As if "Star Trek" and "Star Wars" fans needed something else to gripe about, the Wrap has reported that J.J. Abrams is slated to direct “Star Wars: Episode VII."
According to a source with knowledge of the situation, Abrams accepted the offer over actor-turned-director Ben Affleck, who has reportedly also been in talks for the project.
The 46-year-old director and screenwriter, who has previously been known for hit TV series such as “Lost,” “Alias” and “Felicity,” made his feature directorial debut with “Mission Impossible III” in 2006 and has since then been riding a wave of success. In 2009, Abrams went on to direct the blockbuster hit “Star Trek” before beginning work on its sequel, “Star Trek Into Darkness,” set to open in theaters on May 18.
But Abrams’ fierce allegiance to the “Star Trek” series originally seemed to leave him out of the running. In a December interview with Empire magazine, Abrams nixed rumors that he would be helming the next “Star Wars” installment, saying that he had sat in on preliminary talks but had little interest in participating.
"There were the very early conversations, and I quickly said [no] because of my loyalty to 'Star Trek' and also just being a fan," Abrams said, adding,“I'd rather be in the audience not knowing what was coming rather than being involved in the minutiae of making them."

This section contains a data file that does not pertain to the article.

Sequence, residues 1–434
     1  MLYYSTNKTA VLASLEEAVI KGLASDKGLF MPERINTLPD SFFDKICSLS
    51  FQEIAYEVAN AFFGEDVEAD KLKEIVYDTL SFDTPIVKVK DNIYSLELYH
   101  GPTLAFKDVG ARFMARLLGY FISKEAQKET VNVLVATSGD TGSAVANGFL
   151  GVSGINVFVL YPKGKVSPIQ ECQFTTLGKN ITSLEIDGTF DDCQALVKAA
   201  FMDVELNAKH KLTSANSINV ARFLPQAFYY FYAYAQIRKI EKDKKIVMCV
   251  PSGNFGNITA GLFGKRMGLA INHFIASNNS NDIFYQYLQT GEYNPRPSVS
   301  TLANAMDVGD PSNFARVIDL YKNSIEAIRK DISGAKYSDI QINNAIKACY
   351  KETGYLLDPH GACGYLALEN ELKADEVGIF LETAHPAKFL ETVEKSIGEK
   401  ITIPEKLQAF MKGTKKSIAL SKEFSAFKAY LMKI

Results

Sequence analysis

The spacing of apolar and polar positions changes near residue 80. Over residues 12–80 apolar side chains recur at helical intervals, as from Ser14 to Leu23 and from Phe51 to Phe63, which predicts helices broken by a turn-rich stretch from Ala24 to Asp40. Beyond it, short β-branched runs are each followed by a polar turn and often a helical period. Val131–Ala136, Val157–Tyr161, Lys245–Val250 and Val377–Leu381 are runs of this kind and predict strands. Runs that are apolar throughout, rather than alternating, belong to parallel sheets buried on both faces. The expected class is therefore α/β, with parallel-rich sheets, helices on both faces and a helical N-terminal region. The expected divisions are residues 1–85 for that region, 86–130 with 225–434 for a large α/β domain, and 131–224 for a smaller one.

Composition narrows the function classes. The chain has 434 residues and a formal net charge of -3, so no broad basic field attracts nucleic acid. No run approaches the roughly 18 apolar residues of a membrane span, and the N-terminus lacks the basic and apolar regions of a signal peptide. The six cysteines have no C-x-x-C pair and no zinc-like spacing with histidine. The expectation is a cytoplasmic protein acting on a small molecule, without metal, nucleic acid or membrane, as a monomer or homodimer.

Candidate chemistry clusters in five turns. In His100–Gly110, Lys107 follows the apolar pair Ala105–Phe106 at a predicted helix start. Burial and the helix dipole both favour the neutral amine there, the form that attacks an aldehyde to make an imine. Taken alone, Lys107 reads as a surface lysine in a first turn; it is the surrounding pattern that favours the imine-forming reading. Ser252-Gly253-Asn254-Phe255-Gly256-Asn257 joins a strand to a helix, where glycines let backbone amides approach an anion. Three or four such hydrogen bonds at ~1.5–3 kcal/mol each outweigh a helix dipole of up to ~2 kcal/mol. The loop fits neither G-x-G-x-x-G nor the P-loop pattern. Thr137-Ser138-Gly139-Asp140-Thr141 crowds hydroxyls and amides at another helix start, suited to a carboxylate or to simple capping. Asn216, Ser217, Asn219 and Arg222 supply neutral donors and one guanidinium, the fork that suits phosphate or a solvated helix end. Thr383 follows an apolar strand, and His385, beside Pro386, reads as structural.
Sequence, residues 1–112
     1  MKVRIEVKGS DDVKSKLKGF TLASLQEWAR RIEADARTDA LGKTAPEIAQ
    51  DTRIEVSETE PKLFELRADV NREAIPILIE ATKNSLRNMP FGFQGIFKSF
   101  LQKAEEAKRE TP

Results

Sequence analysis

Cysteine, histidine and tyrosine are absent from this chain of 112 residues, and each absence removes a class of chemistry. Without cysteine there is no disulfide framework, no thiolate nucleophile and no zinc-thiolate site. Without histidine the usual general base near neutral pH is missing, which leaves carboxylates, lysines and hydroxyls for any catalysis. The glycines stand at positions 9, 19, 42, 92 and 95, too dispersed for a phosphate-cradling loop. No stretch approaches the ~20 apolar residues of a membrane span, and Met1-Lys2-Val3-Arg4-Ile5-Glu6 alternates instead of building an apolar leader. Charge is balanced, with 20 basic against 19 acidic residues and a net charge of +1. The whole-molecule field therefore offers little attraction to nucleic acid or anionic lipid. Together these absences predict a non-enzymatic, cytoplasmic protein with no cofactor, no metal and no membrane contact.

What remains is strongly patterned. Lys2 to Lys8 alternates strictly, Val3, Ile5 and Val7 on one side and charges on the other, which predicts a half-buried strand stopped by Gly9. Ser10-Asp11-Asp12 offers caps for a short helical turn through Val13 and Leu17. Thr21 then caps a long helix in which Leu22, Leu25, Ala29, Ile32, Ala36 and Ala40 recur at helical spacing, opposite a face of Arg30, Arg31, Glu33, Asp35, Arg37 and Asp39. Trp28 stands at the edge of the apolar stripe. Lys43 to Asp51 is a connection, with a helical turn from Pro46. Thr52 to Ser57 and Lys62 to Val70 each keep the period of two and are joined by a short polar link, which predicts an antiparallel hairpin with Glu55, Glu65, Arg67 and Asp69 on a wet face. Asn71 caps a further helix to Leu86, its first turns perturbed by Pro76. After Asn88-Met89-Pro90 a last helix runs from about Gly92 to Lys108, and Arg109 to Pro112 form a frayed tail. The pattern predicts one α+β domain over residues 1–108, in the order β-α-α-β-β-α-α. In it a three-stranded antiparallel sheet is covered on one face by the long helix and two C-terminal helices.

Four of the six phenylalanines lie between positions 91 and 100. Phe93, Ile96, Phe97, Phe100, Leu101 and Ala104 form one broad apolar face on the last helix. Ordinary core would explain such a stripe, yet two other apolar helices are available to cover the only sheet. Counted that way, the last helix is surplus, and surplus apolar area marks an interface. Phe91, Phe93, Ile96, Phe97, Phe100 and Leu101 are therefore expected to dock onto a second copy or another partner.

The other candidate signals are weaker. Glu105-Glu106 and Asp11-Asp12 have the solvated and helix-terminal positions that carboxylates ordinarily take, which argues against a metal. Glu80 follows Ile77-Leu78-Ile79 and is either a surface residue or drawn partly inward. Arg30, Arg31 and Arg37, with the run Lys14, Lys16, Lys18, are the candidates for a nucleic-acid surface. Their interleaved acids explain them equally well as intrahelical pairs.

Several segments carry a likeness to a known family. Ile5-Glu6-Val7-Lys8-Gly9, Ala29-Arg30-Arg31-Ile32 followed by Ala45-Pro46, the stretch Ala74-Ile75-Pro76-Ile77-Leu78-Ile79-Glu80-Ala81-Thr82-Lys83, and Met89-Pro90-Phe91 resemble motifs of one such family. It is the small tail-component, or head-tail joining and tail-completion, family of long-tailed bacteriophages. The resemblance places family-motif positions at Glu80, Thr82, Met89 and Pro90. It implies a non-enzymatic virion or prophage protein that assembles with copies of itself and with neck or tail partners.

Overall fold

He also confirmed to the publication that he had signed on to direct a third “Star Trek” movie after “Into Darkness.”
The news, which has already set Twitter abuzz, has yet to be confirmed by LucasFilm, BadRobot and CAA, the agency that represents Abrams.
“I grew up thinking it was impossible 2 love star wars & trek equally. is jj the one 2 bring balance to the force? #nerd” tweeted @baldeagle78
“Your nerd index is the number of tweets about JJ Abrams in your index divided by the number of minutes ago they arrived there,” Twitter user @drjenpierce wrote.
Jill covers a little bit of everything for IBTimes, from U.S. and World News to Pop Culture. She is a lifelong New Yorker, and holds her bachelors in Media & Culture from...